Comprehensive plan may address Centre Region’s affordable housing dearth

The Centre Region could take a broader approach to addressing affordable housing across all communities as part of the housing chapter in the latest update to the comprehensive plan.

Discussion of creating a regional policy on affordable housing or a regional housing authority was part of a joint meeting earlier this month between the Council of Governments Transportation and Land Use Committee and the Centre Regional Planning Commission.

Those two groups, and municipal planners and planning commissions, have worked with staff to update the comprehensive plan, a guide for local officials in making future development decisions in the region. Next, municipal boards will receive the draft plan for initial review.

The document also covers community services and facilities, land use, transportation, economic development and environmental resources.

In the draft of the housing chapter, one policy would “encourage municipalities to adopt a regional policy that distributes new affordable housing equitably throughout the community.”

Comments from the various committees and boards helped tweak that with provisions to study providing municipal funds to local land trusts that acquire and administer affordable housing, and to investigate regional strategies before actually creating a new entity.

College Township Councilman Dan Klees said he thinks his group is supportive of those ideas.

“We feel it’s not just a municipal issue, it’s a regional issue,” he said. “If there are willing participants, we’d like to see that addressed.”

State College Borough Councilman Tom Daubert suggested caution, saying he doesn’t want to run into legal issues that could lessen the federal support received by the borough’s Community Land Trust and first-time homebuyer programs.

“I don’t want to see them eliminated or taken over,” he said. “I see nothing wrong with studying affordable housing on a regional basis, but to have a regional authority, I don’t agree with that.”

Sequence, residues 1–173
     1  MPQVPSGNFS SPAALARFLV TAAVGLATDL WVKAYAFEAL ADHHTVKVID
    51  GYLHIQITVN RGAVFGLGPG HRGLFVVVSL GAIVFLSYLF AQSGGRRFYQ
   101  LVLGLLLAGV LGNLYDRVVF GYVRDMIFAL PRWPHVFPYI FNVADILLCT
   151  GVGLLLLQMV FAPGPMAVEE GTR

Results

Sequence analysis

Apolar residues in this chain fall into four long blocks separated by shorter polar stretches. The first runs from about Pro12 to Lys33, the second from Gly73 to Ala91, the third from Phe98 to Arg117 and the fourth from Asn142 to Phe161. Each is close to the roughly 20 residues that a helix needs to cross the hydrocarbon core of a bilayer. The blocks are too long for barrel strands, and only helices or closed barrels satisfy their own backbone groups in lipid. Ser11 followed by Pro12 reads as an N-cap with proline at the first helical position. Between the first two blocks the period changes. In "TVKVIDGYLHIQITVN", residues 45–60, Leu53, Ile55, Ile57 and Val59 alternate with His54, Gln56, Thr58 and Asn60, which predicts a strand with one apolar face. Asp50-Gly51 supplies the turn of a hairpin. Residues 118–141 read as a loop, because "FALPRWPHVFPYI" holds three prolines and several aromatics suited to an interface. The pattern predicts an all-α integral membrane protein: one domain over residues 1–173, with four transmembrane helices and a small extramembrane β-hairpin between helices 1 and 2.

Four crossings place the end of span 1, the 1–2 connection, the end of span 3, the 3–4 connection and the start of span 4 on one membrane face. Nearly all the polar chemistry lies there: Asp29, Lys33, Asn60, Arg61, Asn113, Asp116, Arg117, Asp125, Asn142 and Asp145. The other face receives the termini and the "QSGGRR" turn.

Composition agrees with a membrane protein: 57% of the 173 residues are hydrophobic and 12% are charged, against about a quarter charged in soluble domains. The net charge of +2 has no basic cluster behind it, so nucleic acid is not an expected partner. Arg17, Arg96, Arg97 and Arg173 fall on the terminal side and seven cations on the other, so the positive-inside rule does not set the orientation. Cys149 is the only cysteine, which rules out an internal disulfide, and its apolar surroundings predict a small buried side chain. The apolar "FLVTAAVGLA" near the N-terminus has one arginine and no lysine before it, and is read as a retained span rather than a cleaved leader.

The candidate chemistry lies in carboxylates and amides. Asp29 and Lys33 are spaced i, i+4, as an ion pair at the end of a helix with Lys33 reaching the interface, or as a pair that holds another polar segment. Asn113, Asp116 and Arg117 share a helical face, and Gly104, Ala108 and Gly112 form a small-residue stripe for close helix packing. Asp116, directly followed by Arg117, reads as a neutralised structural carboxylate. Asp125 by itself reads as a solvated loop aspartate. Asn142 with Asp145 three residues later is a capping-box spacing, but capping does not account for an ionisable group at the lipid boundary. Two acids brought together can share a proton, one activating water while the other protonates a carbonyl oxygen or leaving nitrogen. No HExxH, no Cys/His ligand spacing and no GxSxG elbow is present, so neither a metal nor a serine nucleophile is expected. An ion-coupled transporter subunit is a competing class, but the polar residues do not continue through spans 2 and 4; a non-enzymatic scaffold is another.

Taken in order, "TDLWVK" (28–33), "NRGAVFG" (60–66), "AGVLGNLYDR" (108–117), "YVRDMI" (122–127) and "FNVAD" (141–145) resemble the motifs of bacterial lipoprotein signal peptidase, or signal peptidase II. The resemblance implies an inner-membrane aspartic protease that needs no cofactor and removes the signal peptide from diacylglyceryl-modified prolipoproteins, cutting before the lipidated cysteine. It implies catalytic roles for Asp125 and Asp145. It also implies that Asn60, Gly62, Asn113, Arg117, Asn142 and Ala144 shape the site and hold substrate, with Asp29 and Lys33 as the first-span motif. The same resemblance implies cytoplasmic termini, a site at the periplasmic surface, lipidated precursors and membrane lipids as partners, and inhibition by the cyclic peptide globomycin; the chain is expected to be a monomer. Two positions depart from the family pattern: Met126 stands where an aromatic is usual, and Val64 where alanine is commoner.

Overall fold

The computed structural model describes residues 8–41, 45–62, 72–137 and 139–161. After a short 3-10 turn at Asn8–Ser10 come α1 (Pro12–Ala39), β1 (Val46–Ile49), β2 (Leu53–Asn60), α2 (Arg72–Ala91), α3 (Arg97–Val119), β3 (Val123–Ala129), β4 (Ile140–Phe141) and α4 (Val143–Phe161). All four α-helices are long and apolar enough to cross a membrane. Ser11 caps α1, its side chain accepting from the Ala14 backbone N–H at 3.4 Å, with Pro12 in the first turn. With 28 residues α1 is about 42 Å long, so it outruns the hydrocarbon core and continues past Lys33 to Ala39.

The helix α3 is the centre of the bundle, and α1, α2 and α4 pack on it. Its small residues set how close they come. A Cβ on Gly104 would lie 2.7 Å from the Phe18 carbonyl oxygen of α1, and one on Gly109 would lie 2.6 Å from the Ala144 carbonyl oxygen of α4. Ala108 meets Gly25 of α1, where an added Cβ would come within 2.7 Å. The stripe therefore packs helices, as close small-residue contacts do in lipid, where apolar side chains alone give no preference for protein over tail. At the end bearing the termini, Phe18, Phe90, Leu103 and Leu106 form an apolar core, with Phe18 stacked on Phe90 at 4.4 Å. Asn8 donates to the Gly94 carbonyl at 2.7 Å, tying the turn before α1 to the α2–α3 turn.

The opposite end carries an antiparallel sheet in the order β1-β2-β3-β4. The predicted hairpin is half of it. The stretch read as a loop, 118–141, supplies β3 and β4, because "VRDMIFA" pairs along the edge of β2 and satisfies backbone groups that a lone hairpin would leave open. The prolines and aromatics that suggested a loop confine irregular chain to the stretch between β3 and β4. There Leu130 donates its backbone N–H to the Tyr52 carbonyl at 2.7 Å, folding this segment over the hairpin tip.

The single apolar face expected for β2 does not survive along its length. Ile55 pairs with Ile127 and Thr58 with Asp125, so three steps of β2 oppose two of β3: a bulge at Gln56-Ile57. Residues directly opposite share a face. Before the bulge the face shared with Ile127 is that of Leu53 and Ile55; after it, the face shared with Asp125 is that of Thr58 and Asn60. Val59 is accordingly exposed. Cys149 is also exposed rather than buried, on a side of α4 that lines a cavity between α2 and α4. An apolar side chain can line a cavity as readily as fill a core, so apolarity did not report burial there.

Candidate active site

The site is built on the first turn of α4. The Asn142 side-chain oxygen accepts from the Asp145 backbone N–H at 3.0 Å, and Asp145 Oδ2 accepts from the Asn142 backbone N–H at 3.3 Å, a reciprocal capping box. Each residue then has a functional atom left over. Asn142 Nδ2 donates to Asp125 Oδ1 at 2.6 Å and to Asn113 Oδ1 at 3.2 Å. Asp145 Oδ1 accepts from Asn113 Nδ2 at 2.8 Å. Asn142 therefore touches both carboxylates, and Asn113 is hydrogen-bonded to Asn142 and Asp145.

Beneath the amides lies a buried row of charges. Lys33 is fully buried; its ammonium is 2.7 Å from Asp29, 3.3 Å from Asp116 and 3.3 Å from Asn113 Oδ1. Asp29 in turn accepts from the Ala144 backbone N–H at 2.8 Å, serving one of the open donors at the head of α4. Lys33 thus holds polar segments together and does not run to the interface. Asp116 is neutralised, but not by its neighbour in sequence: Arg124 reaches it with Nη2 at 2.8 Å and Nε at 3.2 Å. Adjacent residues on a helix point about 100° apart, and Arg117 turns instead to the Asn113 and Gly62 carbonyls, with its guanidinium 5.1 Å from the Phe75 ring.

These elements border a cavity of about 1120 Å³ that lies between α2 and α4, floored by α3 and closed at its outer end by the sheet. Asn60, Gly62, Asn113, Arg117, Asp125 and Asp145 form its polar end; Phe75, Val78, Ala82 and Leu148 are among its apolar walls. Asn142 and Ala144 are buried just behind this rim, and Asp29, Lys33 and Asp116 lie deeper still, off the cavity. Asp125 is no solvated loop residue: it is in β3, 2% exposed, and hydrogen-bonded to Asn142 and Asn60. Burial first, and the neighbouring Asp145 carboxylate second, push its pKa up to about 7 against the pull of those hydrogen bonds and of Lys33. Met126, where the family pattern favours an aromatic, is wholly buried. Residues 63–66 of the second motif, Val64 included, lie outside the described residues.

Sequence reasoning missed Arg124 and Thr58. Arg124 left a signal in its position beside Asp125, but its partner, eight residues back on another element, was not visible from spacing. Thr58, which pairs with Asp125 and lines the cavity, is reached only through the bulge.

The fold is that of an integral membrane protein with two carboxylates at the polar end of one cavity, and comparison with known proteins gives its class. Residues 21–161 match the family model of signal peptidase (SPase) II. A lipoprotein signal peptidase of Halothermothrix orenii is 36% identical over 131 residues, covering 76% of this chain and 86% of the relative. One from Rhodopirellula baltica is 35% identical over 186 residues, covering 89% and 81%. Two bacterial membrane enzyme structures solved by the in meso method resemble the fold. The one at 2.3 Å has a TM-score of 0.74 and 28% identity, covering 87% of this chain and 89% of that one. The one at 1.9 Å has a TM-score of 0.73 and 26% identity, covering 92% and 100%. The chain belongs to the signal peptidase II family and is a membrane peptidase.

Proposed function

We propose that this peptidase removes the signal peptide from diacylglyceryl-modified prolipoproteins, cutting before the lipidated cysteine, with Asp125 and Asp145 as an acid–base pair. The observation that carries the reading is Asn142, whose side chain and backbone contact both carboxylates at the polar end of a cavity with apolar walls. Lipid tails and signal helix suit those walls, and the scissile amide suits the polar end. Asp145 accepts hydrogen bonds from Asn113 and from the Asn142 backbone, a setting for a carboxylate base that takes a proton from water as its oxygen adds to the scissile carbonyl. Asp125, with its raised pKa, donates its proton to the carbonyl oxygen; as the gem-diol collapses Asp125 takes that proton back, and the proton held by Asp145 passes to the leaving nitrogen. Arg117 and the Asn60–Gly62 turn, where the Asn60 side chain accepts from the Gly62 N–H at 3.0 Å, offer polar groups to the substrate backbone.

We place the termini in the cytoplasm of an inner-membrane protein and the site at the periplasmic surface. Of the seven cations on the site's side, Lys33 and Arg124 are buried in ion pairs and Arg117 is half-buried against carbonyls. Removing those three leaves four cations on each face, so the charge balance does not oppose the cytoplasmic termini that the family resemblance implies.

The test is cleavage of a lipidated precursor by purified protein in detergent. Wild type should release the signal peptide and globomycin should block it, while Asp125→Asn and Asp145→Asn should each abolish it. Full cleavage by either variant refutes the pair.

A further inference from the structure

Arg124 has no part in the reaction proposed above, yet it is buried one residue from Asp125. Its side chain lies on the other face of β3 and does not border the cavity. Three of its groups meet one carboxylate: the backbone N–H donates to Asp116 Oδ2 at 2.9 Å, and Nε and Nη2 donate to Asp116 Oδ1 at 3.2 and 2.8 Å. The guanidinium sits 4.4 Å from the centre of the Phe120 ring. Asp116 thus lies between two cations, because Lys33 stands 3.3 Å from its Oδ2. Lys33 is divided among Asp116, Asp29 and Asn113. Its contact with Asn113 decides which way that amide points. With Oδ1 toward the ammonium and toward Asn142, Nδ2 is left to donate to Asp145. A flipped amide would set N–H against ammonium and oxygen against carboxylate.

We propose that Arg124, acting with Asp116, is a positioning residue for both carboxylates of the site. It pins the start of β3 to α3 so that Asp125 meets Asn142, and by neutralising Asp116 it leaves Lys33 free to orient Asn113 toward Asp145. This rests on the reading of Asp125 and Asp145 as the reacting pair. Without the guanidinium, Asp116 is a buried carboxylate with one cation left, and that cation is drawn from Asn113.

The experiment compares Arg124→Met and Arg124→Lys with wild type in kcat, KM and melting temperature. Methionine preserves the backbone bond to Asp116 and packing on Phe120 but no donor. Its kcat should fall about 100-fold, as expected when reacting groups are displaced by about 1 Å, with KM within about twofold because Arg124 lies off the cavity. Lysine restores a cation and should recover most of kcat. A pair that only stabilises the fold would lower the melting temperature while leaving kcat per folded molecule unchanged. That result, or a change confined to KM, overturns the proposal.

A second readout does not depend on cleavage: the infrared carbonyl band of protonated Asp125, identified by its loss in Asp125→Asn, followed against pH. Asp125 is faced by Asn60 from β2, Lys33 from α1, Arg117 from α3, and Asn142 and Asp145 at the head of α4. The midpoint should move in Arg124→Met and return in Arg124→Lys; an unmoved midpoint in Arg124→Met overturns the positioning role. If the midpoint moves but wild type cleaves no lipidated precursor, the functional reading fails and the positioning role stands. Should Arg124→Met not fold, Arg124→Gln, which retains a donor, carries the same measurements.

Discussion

Klees argued that it doesn’t make sense to end up with five housing authorities and that he hopes the borough will remain open-minded. CRPC and State College Planning Commission member Jon Eich added that a regional authority could exist without the borough’s participation.

“The intent here to just to identify strategies,” said regional planner D.J. Liggett. “We haven’t studied them yet.”

Liggett explained that another housing issue involves protecting single-family neighborhoods from the impact of conversions to rental housing, an issue that has prompted discussion of student housing. She said one suggestion is to study student housing’s impact on housing generally, and to consider Penn State’s role in providing additional on-campus housing to address enrollment increases.

Steve Watson, CRPC chairman and Penn State representative, said those are different issues and that on-campus housing is more expensive than off-campus housing.

“If the assumption is the university building more housing will make housing more affordable for the rest of the community, I don’t know if that’s fact,” he said. “It’s kind of a nebulous connection I see right now.”

Liggett said she’s not suggesting Penn State should build more housing, but that officials and the university should work together on how to address the issue.

CRPC and Ferguson Township Planning Commissioner Kevin Abbey said “metrics” is key, and that statistics can speak to the impact, and if student housing pays for itself.